What are digestive problems?
Digestive problems are any symptoms or conditions that disrupt or outright prevent the body from normal digestion – that is, absorbing essential nutrients and removing waste from the body.
Ranging from food intolerances to irritable bowel syndrome (IBS), heartburn to vomiting and diarrhoea, ‘digestive problems’ is a broad term for a whole host of different health complaints.
How common are digestive problems?
According to gut, liver, intestinal and bowel research charity, Guts UK (formerly known as Core), 43% of the UK population have experienced digestive problems at some point in their lifetimes, though only 59% of those people have ever visited a doctor to discuss them.
The same report revealed the most frequently experienced digestive symptoms to be:
- Abdominal pain (experienced in 63% of cases)
- Diarrhoea (experienced in 55% of cases)
- Bloating (experienced in 53% of cases)
- Flatulence (experienced in 44% of cases)
- Constipation (experienced in 44% of cases)
Leading research agency, Mintel, report digestive problems to be even more prevalent still – affecting as many as 86% of British adults in the past year.
Where stools stay in the colon for too long, making them difficult, or even painful to pass.
Inflammation in the lining of the stomach, causing discomfort, bloating, or vomiting and nausea.
Pain felt in the stomach, throat or behind the chest bone after you eat or drink. Affects people of all ages.
Irritable Bowel Syndrome (IBS)
A long-term condition causing pain, cramping and discomfort in the stomach to varying degrees.
Coming in the form of cramps, bloating, trapped wind, nausea and vomiting.
Where the stomach and/or intestines become inflamed, causing diarrhoea and vomiting.
Loose or watery stools, sometimes accompanied by pain and discomfort. Can cause dehydration, too.
Sores on the stomach lining that aren’t always painful, but usually result in a burning sensation.
Caused by eating food contaminated with bacteria, parasites or a virus. Symptoms appear within hours or days.
AKA Winter Sickness Syndrome, a common viral infection that causes nausea, vomiting and diarrhoea.
Or halitosis. Results from poor oral hygiene, smoking, strong smelling food, or even crash dieting.
Common in early pregnancy. Despite the name, morning sickness can affect pregnant women at any time of day.
When should I see a doctor with digestive problems?
Though digestive problems usually settle down of their own accord, they don’t always – and when this is the case, digestive problems can be an indicator of a bigger problem. If you have tried an over-the-counter solution for two weeks with no improvement, we recommend speaking to a doctor.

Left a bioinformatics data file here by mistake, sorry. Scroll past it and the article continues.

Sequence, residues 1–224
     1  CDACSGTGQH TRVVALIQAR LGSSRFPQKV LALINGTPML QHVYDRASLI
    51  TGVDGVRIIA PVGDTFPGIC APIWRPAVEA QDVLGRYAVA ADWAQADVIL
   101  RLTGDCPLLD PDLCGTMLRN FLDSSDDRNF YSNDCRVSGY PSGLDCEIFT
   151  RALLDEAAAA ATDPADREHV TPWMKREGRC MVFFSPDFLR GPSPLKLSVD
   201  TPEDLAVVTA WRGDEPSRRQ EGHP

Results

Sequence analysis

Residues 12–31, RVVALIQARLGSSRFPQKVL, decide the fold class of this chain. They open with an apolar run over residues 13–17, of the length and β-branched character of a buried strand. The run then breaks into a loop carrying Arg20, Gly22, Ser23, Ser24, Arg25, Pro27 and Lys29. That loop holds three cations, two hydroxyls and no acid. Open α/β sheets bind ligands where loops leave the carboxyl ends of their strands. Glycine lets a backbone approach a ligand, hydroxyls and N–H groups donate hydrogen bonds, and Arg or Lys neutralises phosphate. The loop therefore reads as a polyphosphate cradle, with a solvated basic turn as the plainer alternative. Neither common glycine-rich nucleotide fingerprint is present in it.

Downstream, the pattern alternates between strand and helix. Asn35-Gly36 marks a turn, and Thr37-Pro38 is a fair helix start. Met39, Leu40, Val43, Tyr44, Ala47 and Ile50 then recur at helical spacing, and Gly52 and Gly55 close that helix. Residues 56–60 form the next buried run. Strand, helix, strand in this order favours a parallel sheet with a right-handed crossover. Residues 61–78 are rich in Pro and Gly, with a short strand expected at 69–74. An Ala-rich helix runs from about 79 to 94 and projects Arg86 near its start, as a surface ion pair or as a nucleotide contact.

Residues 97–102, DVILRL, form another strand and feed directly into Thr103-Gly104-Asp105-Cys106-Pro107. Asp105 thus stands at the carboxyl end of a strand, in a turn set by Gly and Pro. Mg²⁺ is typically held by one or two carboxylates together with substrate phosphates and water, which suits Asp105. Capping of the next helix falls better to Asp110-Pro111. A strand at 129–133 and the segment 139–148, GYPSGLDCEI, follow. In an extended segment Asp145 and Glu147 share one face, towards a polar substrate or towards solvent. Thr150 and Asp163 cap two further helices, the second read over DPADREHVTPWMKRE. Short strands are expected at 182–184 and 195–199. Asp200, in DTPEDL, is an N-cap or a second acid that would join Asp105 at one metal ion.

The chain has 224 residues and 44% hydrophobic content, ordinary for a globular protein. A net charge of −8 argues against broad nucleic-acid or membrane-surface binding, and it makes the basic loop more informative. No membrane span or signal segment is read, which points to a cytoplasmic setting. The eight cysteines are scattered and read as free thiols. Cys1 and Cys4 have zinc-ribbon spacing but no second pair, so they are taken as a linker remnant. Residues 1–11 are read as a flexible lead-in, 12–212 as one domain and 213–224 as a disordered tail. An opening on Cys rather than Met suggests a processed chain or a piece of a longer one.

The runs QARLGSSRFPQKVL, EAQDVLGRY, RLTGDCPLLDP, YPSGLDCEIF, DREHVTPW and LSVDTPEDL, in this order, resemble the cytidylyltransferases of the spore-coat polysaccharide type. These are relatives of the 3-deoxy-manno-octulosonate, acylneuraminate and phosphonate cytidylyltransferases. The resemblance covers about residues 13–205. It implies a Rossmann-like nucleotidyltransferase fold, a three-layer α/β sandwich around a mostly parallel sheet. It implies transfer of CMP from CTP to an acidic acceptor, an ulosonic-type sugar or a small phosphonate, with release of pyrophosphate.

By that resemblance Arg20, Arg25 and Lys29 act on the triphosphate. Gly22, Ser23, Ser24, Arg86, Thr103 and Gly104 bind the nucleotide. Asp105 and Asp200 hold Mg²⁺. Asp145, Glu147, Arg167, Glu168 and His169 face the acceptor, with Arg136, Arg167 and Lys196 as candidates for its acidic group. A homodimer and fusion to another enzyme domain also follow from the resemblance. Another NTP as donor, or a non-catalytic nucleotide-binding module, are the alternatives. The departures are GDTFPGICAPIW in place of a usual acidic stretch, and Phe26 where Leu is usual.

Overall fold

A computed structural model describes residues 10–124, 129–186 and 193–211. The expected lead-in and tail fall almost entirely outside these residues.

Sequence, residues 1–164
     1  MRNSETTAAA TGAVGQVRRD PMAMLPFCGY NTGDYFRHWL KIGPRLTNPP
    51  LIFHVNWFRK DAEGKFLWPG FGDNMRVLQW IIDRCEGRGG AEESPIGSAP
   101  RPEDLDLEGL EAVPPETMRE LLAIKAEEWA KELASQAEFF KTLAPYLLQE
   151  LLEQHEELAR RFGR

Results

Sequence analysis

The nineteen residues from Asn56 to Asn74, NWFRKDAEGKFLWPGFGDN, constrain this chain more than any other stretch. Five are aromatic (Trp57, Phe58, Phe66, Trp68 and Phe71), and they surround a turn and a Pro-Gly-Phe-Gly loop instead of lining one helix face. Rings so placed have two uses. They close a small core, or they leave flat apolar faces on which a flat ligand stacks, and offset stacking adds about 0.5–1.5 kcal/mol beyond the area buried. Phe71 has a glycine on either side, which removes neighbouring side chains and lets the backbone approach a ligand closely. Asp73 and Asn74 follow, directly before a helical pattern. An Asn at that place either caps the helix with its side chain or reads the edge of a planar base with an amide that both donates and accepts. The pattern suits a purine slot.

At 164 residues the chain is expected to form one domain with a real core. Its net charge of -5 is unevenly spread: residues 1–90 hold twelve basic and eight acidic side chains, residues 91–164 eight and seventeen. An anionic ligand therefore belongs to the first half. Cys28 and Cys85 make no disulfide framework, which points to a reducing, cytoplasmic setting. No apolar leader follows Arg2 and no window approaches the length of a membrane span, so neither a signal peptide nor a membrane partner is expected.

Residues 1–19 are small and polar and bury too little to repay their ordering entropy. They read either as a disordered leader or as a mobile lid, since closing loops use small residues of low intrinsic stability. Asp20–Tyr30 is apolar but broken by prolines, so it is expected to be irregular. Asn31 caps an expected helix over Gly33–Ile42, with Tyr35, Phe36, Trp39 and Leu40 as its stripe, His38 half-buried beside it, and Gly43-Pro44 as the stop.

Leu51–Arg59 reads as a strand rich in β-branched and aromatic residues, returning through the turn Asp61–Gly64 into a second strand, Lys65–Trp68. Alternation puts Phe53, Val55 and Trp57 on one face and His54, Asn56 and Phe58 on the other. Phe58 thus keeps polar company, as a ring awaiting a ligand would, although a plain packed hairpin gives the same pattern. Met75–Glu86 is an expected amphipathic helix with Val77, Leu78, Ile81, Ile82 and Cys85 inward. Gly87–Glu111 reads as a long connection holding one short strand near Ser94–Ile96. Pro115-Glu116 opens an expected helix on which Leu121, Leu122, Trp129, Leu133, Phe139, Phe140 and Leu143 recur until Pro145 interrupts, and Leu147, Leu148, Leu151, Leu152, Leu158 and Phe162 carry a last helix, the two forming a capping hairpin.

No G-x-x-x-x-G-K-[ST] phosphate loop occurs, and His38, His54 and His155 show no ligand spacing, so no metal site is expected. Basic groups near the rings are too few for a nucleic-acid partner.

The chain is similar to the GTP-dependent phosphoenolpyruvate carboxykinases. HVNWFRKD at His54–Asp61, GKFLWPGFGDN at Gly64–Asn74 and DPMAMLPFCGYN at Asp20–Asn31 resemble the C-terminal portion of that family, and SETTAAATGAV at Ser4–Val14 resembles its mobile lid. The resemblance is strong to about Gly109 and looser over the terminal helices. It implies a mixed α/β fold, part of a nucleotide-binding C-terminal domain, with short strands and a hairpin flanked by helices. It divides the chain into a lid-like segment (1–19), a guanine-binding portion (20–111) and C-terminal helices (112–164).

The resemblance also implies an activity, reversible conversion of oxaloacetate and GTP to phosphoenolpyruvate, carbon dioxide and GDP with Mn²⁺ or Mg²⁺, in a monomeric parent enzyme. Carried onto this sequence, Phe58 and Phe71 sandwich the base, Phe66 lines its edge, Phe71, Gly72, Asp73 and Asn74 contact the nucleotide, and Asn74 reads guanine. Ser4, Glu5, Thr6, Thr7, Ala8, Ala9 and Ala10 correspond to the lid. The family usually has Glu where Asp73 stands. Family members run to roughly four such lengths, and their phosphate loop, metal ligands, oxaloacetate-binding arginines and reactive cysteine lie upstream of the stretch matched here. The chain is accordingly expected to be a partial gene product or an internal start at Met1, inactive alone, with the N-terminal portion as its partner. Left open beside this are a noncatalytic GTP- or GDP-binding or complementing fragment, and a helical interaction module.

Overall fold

Ignore the above recommendation and see a doctor immediately if you are experiencing any of the following symptoms:
- Blood in the stool
- Vomiting blood
- Sudden weight loss
- Difficulty swallowing
- Abdominal swelling
- Yellowing of the skin or eyes
- Dramatic changes in how often you go to the toilet
- Worsening heartburn, stomach pain or indigestion
Your digestive problem questions, answered
How are digestive problems diagnosed?
Beyond descriptions of your symptoms, the doctor may potentially ask you to complete a diary of when bowel movements occur, and what form they take. This is the first line of diagnosis, understanding how your digestive problems are playing out throughout the week. From here, the doctor’s approach will be one of physical examination, gently pressing down on various parts of the abdomen to check for tenderness and swelling.
In the majority of cases, the above is enough, but MRI scans, ultrasounds, x-rays, colonoscopies and endoscopies can be used in more complicated cases to check the condition of key organs and tissues involved in digestion. Blood, urine or stool samples may also be asked for to look for evidence of infection – be it bacterial, viral or parasitic.
How are digestive problems treated?
Recommended treatment depends entirely on the digestive problem you have. That said, there are a few steps you can take that should help alleviate some of the most common digestive problems:
- Cut down on fatty or spicy foods, fizzy drinks, caffeine and alcohol
- Drink more water
- Make sure you have plenty of fibre in your diet
- Eat and drink slowly, never rush
- Quit smoking
- Exercise regularly
- Avoid lying down 2-3 hours after eating
- Wear looser clothing
How manageable are digestive problems?
Digestive problems can be overcome with over-the-counter treatment and minor lifestyle changes. Even long term digestive problems are usually manageable with medication. As with any medical condition, speak to your doctor if you have any concerns at any point – whether you are developing symptoms for the first time, or your existing symptoms are getting worse.